The split in Cosatu a few years ago was the biggest setback the labour movement has experienced in this country, seriously weakening it.

Gone are the heady days of the 1980s, when Cosatu in particular was so powerful that the National Party bombed its head office in Johannesburg. It was once the fastest-growing trade union federation in the world.   

Among several factors, the decline reflects the effect of the shifts in labour production as a result of technological changes over the past three decades, which have led to huge job losses that affected trade union membership. Even when the unions were much stronger and better led, they could not escape the effect of technological change.

The critical question now is what is going to happen to SA’s trade unions, in their weakened state, when the fourth industrial revolution (4IR) rolls over them in the coming years?

So vitally important is this question that I believe it will dwarf all the other contentious issues, except perhaps the climate crisis, that are confronting unions. Where are the unions themselves in this looming technological revolution, which is in fact already under way in some sectors?

I have yet to read anything anywhere in which a trade union leader deals with these questions comprehensively. This is a clear reflection of the spectacular decline of unions over the past decade. Yet it is not only a serious problem for the trade unions but for society as a whole — including for business, because it is through companies that the 4IR will take effect.

The unions are so lethargic that I wouldn’t be surprised if most of them have not even called for meetings with company owners and management to discuss the implications of the 4IR for their particular industry. Yet if unions do not discuss and debate these issues with companies before they happen, so as to be better prepared for the descent of the 4IR on our shores, the negative effect — in so far as the defence of jobs and wages is concerned — could  be extremely destructive. This perspective is simultaneously related to that alongside the 4IR is the worsening climate crisis, which may also lead to job losses.

Imparting an ominous element to this situation is that several interrelated crises are striking simultaneously, which characterises the present period and somewhat distinguishes it from the past. There must be no doubt that the convulsive period humanity at large faces is going to demand new approaches by government, capital and civil society, especially organised labour.

But by remaining silent and inactive when the technological hurricane of the 4IR is already on the horizon, trade unions are deserting workers at a time of their greatest need, especially those in sectors that are most technologically vulnerable and therefore require greater attention and preparation now.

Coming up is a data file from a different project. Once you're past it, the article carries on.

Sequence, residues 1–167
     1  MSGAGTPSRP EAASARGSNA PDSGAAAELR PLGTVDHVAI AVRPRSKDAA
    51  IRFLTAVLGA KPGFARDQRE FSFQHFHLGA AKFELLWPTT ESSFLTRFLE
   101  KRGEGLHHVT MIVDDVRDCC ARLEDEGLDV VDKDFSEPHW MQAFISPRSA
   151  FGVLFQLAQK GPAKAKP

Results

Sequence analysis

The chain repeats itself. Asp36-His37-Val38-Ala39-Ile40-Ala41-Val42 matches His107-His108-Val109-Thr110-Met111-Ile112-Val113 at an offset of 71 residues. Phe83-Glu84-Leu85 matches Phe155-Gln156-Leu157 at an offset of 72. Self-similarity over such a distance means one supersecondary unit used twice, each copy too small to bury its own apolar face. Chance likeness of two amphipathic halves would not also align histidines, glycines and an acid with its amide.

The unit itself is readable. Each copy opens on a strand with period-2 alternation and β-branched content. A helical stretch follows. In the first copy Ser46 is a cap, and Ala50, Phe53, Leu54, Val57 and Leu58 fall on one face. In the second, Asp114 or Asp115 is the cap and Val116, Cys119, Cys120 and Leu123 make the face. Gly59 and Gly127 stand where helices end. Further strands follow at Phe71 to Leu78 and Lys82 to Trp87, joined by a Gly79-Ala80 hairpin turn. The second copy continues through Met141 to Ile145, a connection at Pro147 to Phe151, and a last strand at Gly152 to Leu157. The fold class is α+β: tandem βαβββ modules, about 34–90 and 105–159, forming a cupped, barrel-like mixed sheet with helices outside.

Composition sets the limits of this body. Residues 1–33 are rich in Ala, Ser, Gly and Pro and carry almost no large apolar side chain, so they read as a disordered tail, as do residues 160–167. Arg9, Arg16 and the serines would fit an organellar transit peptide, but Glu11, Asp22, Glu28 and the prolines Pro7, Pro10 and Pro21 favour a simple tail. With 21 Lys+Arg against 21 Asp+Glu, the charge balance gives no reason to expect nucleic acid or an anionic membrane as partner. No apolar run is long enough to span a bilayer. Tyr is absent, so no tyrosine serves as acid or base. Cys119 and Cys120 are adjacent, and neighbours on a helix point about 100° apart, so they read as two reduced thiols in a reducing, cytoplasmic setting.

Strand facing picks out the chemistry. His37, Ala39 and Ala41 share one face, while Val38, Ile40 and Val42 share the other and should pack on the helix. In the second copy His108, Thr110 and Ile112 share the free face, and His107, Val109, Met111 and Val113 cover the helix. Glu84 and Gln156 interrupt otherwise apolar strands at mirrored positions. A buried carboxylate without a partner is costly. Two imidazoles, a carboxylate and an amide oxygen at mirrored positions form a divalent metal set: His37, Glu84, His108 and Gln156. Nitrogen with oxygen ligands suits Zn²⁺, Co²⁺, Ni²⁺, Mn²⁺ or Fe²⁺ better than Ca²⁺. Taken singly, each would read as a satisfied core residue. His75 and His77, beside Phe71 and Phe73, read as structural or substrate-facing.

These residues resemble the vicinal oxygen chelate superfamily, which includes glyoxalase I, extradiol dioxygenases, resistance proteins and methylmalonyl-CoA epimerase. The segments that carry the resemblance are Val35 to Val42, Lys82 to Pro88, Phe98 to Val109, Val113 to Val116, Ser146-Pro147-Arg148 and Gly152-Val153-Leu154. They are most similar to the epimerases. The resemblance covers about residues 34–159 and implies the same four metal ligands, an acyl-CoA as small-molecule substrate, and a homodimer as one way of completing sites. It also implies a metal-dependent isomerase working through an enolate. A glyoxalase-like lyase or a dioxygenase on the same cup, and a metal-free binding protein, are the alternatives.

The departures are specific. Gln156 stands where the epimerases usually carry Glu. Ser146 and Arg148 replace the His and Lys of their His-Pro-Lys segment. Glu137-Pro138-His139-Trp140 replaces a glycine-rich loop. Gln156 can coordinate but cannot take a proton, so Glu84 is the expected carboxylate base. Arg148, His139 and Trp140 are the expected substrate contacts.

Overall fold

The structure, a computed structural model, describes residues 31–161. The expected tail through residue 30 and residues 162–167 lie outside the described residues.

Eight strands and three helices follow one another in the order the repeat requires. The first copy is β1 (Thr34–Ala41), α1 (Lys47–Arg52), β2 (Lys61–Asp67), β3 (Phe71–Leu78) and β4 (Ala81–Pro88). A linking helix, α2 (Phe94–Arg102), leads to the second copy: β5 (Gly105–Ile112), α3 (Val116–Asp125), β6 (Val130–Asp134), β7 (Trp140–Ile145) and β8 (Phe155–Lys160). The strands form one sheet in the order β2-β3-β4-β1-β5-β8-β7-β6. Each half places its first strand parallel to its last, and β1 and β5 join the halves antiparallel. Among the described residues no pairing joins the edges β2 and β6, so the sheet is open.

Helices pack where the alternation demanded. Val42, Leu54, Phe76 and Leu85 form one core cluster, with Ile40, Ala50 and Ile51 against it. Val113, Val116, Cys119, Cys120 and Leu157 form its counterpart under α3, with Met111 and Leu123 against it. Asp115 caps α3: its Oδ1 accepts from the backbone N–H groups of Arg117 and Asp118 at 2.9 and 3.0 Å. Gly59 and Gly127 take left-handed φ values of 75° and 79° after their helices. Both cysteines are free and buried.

In many respects the climate crisis, by its sheer scale and gravity, is likely to take precedence over any other single issue, including the 4IR.

As an example: we had on our doorstep the sheer devastation wrought by the furious floods that hit parts of KwaZulu-Natal in March, which especially affected the poorest rural areas. The devastation of the climate crisis across the world shows that it is working-class communities with poor or negligible infrastructure that are going to be hardest hit.

If the trade unions do not immediately wake up to the gravity of the technological storm that is looming on the horizon these workers are going to be far more vulnerable and compromised than would be the case if they began seriously engaging with both the opportunities and threats posed by the 4IR. That said, I am sceptical about those who emphasise the opportunities and downplay the risks of the 4IR.

A big part of the problems facing the unions is that compared to the calibre of leadership we had in the 1980s, who against great odds were seriously committed to the interests of their members, the current generation leaves much to be desired. In this regard, an issue that had a debilitating effect on the unions was the investment companies they formed in the 1990s, which soon became the source of rampant corruption.

Coming on top of declining memberships, the looting of union investment companies has had a devastating effect on members. There cannot be a bigger betrayal of workers than the theft of their funds by their own representatives. But that is water under the bridge.

It is to the looming 4IR that workers must demand their leaders turn their attention to with the greatest urgency.  

• Harvey is a former Cosatu trade unionist, political writer and analyst

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